It’s a common mistake for people to keep their dentists out of the loop when it comes to other health concerns, but your dentist may be a first line of defense against diseases in Stamford. If you suffer from heart disease, Antibiotic Prophylaxis may be something that you should look into with the dental staff.
What is Antibiotic Prophylaxis?
Antibiotic Prophylaxis is when dentists or doctors use antibiotics as a preventative medicine rather than a treatment for a problem. The use of Antibiotic Prophylaxis is not as common as it was, even ten years ago, as more people are resistant to antibiotics. However, in certain conditions, it may be an option to prevent problems that can arise after procedures.
Why is Antibiotic Prophylaxis used?
The use of antibiotics as a preventative treatment prior to dental surgery or procedures goes back as far as the 1950s. There were no real studies to prove or disprove the use of antibiotics before or after surgery, however, the American Dental Association began endorsing Antibiotic Prophylaxis in the 1970’s based on expert opinion and empirical data.
As the use of antibiotics, in general, became more prevalent, the problem became a resistance to the “cure”. The more antibiotics that were used outside of procedures, the more individuals would build up a resistance requiring stronger and stronger antibiotics.
For the next thirty-odd years, antibiotics were used post-procedure for individuals with heart conditions, liver conditions, diabetics, individuals with artificial joints, and those that had organ transplants.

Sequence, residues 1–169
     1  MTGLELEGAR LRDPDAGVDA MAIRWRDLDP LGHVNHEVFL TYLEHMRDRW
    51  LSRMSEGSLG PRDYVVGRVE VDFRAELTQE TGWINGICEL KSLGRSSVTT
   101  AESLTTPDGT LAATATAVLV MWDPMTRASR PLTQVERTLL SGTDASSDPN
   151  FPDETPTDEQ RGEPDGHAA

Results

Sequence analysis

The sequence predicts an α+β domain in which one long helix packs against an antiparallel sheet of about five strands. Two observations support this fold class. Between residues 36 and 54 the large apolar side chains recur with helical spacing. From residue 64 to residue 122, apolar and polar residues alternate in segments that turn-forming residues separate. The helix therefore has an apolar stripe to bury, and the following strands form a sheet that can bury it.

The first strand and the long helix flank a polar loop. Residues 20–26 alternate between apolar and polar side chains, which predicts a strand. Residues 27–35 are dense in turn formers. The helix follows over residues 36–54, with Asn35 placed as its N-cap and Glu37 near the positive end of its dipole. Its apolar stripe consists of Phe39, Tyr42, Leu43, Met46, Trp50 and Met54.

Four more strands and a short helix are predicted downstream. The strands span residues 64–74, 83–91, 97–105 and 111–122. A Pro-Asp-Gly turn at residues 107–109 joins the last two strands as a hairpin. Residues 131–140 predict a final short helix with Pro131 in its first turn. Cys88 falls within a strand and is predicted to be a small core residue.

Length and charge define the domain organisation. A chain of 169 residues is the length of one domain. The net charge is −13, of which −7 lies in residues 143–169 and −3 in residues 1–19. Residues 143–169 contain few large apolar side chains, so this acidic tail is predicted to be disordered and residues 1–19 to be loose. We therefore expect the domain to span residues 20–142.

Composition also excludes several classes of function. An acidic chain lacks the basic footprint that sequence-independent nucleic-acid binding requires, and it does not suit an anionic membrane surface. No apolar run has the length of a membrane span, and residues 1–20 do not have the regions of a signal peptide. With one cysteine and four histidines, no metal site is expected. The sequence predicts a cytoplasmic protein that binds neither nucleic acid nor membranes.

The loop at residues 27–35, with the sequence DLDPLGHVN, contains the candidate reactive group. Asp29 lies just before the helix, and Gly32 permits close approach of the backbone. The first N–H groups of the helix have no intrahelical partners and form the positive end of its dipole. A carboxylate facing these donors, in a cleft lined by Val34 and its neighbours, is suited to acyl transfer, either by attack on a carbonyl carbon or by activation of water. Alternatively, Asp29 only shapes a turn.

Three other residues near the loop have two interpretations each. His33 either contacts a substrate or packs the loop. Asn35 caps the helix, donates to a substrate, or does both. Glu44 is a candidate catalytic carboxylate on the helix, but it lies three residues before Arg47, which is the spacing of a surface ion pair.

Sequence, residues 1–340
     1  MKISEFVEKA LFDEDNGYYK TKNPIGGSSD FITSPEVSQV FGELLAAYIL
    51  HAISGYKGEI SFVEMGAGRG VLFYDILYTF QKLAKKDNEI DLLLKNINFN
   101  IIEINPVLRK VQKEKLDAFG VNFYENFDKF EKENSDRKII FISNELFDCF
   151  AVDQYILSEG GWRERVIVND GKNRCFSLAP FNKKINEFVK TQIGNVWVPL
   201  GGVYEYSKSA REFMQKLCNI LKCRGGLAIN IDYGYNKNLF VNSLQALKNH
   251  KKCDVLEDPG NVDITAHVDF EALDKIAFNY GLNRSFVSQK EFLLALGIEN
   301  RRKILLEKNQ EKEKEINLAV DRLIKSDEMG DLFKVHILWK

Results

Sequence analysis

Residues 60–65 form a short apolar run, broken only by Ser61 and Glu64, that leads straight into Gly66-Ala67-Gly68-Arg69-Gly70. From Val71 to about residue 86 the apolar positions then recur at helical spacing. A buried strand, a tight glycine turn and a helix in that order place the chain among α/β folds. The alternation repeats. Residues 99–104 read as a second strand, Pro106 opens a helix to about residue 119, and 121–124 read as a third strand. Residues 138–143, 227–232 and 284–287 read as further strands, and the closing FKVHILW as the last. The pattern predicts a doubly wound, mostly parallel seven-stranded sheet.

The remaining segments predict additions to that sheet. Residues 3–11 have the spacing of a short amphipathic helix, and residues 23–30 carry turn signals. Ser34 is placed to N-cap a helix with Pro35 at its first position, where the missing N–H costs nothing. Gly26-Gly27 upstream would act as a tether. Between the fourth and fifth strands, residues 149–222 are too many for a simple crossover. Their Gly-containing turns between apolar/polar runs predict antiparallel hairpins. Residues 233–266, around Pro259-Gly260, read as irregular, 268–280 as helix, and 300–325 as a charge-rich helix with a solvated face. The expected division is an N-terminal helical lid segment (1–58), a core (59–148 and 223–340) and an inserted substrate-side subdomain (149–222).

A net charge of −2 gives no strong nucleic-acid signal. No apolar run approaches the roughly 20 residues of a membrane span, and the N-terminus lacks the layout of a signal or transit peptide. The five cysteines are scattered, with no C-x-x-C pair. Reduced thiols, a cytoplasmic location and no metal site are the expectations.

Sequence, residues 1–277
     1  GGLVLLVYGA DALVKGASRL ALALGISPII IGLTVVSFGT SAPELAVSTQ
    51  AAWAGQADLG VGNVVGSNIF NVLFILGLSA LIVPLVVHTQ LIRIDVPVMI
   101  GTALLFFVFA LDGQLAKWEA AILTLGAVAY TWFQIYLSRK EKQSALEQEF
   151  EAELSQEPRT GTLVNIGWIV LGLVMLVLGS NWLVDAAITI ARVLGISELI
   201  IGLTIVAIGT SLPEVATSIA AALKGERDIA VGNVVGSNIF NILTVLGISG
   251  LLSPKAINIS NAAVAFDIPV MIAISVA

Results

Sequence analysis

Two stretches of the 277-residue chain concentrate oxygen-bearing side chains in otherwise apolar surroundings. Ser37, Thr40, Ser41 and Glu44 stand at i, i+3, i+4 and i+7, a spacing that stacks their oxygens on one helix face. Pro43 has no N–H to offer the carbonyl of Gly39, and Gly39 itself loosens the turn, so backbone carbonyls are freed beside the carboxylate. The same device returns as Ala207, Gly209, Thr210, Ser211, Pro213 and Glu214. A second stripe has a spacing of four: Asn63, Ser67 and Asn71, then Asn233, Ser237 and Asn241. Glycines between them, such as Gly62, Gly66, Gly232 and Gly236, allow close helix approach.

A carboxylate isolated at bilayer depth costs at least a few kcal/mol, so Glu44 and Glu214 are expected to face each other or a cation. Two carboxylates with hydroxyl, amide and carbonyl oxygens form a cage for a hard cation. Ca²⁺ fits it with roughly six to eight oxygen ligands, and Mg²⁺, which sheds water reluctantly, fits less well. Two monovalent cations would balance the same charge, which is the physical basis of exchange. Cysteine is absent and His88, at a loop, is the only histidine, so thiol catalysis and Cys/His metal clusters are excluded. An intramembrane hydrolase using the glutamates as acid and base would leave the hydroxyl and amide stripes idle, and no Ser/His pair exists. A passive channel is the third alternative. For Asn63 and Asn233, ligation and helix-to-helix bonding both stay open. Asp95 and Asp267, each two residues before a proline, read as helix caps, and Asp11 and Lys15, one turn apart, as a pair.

The research was conducted and the studies concluded that the risk of bacterial infections was as likely from poor oral hygiene as it was from the dental procedures themselves. There is more bacteria, normally, in your mouth than the bacteria that could cause an infection with the procedures.
Around 2007, the American Heart Association came up with guidelines for antibiotics for preoperative use. Not all heart patients will require antibiotics prior to extractions or oral surgery. Only those with a risk of Infective endocarditis may want to opt for this prophylactic.
How do you decide to use or not use Antibiotic Prophylaxis in Stamford?
If you believe you might be at risk for Infective endocarditis, you should talk to your cardiologist. They will be able to tell you if the risk is there and walk you through what procedures you should take.
Always make sure to tell the dental staff of any health conditions outside of the health of your mouth. Certain medications, conditions, or risks can be managed but only if the staff is aware.
We often separate our mouth from the rest of our body when it comes to our overall health, but in reality, it is our first line of defense. Keeping your mouth healthy and working properly allows the rest of your body to perform at its peak.
Our dental staff wants to make sure you are putting the best into your whole body. Keep us informed and call us for a consultation today at (203) 324-7777.